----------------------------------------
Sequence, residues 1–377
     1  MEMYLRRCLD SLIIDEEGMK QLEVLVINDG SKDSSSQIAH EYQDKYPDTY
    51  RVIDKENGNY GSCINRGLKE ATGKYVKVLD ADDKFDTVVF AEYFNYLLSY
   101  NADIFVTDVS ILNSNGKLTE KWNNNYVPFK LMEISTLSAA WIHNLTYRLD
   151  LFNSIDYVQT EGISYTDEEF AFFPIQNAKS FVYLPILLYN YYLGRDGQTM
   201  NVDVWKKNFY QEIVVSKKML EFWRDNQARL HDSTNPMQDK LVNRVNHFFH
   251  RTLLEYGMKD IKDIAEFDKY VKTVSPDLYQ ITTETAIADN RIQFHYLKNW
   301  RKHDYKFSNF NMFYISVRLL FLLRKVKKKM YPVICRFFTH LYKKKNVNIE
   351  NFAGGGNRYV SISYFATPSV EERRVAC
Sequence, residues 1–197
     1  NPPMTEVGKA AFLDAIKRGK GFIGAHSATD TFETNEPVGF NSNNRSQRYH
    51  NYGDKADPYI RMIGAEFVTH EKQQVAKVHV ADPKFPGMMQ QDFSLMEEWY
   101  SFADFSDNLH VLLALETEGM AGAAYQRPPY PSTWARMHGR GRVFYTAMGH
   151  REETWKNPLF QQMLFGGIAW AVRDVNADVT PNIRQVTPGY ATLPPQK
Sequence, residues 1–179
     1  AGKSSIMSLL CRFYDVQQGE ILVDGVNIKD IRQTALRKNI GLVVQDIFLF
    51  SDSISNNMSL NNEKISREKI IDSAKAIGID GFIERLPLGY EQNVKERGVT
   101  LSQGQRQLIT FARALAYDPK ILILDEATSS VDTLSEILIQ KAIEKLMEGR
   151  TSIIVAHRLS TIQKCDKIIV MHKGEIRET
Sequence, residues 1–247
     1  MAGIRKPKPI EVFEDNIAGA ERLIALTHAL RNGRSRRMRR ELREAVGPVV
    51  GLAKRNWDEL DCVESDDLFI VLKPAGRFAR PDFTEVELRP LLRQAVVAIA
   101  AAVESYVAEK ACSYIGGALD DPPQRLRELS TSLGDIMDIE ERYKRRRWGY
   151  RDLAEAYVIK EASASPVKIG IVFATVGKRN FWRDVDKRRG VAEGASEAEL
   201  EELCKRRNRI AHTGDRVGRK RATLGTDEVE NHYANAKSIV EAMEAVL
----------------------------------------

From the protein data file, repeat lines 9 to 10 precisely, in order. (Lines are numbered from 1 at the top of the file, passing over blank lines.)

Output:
   351  NFAGGGNRYV SISYFATPSV EERRVAC
Sequence, residues 1–197